Why I love Social Media Fasting

Sometimes you just need to take a break.

Ask any of my friends from growing up: I’ve never been someone to follow social media trends closely (at least what most people my age were looking at).

Last Friday night, my friend Ben was absolutely SHOCKED when I didn’t know about Charlie D’amelio. Apprently, everyone knows about her. Well, as I learned, she’s a Tik Tok dancing star with almost 100 million followers and her family are thought to be the next Kardashians. Oops.

This isn’t a new thing for me. Back in 9th grade, I used to get a ton of crap from my friends for not learning about the Mannequin Challenge until 6 months after it originally became a huge thing. In fact, I still get crap for it from friends like Ryan, Jacob, and Daniel Saharovich.

It’s definitely a struggle for me. As someone who is now a marketer for a crypto startup, I feel like I’m supposed to be learning from the various social media sites all of the time (and I am to an extent). I actually enjoy learning how businesses and thought leaders use social media to grow their company or personal brands. But it just doesn’t interest me to keep up with the latest Tik Tok stars or social media fads.

Intermittent Social Media Fasting

Once I find myself spending too much time on social media, I know it’s time for a break.

I’ll delete an app if I think it’s taking up too much of my time and not giving me any value in return. Sometimes, I will add the app back on my phone within a few days or a couple weeks. Or I might even delete an app during the day so it doesn’t distract me and then add it back that night.

This is why I like to call it intermittent social media fasting, because it’s very random and not an exact science. But in my opinion, it’s better than nothing.

Along with intermittent fasts throughout the year, I will delete all of my social media once a year around the holiday season (late November or December) and add it back after the new year. I’ve been doing this since sophomore year of college when I knew I needed to take some time away from my screen, and it’s one of the best decisions I ever made.

It’s seriously one of the best rituals I do every year. It gives me a chance to reset and regroup for the next year. And it also allows me to be more present with my family and friends during the holidays.

I’m far from perfect with these strategies. While I definitely have a lot of issues with social media, I also think it has immense benefits such as learning, networking, fitness, or just keeping in touch with friends. That’s why I’ll cheat sometimes and go to social media app on my computer or Safari app on my phone during the fasts.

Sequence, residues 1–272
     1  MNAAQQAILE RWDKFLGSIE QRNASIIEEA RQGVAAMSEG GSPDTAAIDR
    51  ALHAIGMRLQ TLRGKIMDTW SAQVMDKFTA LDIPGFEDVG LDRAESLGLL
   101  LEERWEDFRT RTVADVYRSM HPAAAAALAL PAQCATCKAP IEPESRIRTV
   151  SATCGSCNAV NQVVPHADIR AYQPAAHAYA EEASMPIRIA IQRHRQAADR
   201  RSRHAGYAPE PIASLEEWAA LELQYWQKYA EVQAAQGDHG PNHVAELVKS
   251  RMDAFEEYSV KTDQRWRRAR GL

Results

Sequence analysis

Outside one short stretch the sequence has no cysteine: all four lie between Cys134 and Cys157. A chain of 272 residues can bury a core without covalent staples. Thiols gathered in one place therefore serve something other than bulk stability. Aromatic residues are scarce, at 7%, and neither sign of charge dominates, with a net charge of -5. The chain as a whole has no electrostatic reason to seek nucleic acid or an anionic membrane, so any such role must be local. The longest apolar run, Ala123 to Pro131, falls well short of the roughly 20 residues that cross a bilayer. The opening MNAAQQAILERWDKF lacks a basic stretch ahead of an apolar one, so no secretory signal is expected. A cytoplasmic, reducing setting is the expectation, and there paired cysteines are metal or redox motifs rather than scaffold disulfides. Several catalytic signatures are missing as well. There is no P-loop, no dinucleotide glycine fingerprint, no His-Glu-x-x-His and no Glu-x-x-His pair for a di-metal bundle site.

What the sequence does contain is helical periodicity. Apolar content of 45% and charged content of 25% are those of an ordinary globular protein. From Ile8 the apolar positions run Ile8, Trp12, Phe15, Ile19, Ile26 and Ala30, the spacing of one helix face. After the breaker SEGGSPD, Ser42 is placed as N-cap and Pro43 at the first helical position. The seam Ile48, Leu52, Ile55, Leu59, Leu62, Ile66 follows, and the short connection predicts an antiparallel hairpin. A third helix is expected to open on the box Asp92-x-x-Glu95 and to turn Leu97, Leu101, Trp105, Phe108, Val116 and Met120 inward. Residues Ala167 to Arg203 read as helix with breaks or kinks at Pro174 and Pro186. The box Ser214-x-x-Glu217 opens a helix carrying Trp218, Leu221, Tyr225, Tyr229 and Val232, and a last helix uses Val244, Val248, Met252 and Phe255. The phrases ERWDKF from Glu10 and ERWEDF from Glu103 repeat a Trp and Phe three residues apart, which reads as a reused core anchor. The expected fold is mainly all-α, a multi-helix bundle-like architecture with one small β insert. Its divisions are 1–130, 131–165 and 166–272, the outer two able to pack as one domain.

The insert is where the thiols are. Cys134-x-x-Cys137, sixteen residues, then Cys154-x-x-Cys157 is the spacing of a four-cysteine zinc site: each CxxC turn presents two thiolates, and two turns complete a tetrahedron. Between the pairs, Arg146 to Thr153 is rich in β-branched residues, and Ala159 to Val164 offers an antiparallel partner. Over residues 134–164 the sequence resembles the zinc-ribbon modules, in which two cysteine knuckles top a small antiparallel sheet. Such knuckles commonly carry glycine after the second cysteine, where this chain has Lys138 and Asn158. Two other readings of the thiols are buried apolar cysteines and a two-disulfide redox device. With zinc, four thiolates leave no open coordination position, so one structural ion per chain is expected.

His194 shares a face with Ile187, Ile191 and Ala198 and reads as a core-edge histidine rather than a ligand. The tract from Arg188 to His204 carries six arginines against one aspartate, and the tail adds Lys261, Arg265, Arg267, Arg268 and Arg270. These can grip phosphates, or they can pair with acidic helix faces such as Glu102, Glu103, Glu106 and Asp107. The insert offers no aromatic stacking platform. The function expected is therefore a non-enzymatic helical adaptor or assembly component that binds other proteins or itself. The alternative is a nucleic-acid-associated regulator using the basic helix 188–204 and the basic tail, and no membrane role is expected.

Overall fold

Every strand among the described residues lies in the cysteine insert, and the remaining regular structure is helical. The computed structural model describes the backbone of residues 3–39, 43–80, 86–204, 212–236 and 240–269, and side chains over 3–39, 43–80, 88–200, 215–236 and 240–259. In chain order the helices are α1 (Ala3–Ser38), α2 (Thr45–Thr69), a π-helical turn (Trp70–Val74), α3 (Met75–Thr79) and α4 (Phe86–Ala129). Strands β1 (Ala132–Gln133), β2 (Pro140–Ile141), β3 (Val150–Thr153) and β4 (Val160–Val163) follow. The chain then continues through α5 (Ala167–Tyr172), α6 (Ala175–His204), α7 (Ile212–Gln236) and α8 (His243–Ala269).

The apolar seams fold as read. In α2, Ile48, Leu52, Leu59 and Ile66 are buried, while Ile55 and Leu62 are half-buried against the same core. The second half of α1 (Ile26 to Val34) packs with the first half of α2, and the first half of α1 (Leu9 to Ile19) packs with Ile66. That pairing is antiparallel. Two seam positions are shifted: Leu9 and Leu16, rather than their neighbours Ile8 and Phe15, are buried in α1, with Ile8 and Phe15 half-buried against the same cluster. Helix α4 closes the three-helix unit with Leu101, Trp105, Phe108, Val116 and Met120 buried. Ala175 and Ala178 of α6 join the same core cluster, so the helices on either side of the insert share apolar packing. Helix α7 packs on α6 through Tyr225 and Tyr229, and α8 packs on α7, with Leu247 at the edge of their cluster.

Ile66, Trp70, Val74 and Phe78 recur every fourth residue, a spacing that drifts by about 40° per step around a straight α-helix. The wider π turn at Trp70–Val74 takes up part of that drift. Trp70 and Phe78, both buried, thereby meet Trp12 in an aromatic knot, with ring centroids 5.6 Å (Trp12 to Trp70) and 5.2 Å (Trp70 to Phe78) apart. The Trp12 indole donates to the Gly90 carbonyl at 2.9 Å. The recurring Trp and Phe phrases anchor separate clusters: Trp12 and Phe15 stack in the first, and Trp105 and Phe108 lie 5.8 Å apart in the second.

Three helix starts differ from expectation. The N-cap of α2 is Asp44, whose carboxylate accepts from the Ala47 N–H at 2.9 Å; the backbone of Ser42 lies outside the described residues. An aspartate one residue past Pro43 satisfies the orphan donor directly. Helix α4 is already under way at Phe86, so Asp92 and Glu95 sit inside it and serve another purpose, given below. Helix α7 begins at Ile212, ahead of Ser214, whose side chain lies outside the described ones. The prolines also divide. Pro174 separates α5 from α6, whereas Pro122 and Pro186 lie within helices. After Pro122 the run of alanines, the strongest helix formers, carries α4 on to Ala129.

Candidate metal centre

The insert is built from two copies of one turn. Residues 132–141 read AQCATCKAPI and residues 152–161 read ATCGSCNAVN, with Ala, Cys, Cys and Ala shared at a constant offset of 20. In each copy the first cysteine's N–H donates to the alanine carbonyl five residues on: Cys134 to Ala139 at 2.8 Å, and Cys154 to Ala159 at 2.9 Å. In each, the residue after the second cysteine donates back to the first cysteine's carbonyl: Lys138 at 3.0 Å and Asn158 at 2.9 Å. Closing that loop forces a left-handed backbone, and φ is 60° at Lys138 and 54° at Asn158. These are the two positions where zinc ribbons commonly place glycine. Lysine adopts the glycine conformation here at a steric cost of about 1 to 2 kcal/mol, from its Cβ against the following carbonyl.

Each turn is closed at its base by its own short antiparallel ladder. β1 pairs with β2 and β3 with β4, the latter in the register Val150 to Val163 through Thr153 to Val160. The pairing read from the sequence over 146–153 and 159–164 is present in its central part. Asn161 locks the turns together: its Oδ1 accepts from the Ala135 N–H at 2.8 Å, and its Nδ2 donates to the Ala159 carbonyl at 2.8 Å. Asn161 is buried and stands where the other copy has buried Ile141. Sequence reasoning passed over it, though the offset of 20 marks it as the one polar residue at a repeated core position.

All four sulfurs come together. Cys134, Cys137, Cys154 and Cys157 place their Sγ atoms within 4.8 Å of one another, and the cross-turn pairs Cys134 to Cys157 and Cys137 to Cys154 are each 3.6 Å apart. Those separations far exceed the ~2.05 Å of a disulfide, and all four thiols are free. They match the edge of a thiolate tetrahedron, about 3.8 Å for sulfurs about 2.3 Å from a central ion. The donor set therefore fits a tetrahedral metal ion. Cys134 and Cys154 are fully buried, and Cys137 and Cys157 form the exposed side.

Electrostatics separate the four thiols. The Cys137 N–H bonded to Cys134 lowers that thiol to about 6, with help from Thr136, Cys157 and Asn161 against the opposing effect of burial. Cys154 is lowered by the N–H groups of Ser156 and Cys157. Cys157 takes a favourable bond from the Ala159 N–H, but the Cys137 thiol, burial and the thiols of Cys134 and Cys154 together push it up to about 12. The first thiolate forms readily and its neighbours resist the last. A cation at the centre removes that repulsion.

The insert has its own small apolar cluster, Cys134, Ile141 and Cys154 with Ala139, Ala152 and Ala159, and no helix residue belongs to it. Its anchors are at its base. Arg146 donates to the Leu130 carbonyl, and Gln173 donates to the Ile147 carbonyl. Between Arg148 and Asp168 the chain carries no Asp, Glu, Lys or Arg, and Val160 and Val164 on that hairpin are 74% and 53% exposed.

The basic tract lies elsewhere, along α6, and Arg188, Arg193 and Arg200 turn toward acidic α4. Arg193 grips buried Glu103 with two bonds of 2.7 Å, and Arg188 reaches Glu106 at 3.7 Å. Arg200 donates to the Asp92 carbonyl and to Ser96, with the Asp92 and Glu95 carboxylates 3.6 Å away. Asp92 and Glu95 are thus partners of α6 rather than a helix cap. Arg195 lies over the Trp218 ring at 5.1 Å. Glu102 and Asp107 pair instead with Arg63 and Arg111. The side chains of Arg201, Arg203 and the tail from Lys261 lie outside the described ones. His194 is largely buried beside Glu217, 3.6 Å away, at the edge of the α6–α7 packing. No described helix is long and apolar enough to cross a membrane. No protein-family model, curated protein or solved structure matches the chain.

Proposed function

However, after seeing The Social Dilemna on Netflix a couple of months ago, I’ve thought a lot more about how social media has way too big of a negative impact on my life and the people closest to me. These social media companies are pulling the strings, through an algorithm, on what will grab our attention the best and what will grab our attention the best is usually the conspiracies . They are designed to send you to crazy town.

We truly all live in our little echo chambers of the internet. It’s why I might never hear of someone like Charlie D’amelio, but Ben might have never heard of someone like James Clear (who wrote the book Atomic Habits) or David Perrell (who teaches a writing course called Write of Passage). It’s not his fault or my fault; we are simply in different digital universes.

This is why it feels so good and liberating to take a break. Whether it’s just for a day at a time or for an entire month, you can get away from the constant following of social media. You can reset and recharge and not let the algorithms take over so much of your time and attention.

This year, I want to be more intentional with my long social media fast (especially with a year like 2020 has been).

I’m still brainstorming exactly what it’s going to look like: whether it will be 2 weeks or 1 month, whether I’ll find someone else to hold me accountable (perhaps, changing each other’s passwords for the other person), and exactly what apps I will be deleting. I’ll keep you posted through this blog on how I decide to do it.

LASTLY, before you go, I wanted to let you know that tomorrow is DAY 30 of the 30 Day Blogging Challenge!

It’s hard to believe it’s already been a month, and I’ve learned so much during these past 29 posts. I’ll be writing a 30 Day Review tomorrow to assess what I’ve learned against what I originally set my intentions to be and about my future plans with it. So stay tuned for the Day 30 post tomorrow!

Cheers to living your life and not the algorithm’s life,

Jonah


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I’ve been putting it off for too long. But I’m excited for the first-ever weekly edition of The Baer Necessities that will be either later this week or next week. Sign up to be one of the very first to receive it, and I hope you enjoy!

Published by Jonah Baer

Florida State student | Memphis, TN native

2 thoughts on “Why I love Social Media Fasting

  1. JonH,
    I so agree with your concept of intermittent social media fasting! It’s definitely a healthy life choice- both physically and mentally! I call it hitting the PAUSE button!
    ONES PERCEPTION IS ONES REALITY! I AGREE WITH YOUR REALITY!
    I’m going to fast!
    Love,
    Aunt Leslie

    Liked by 1 person

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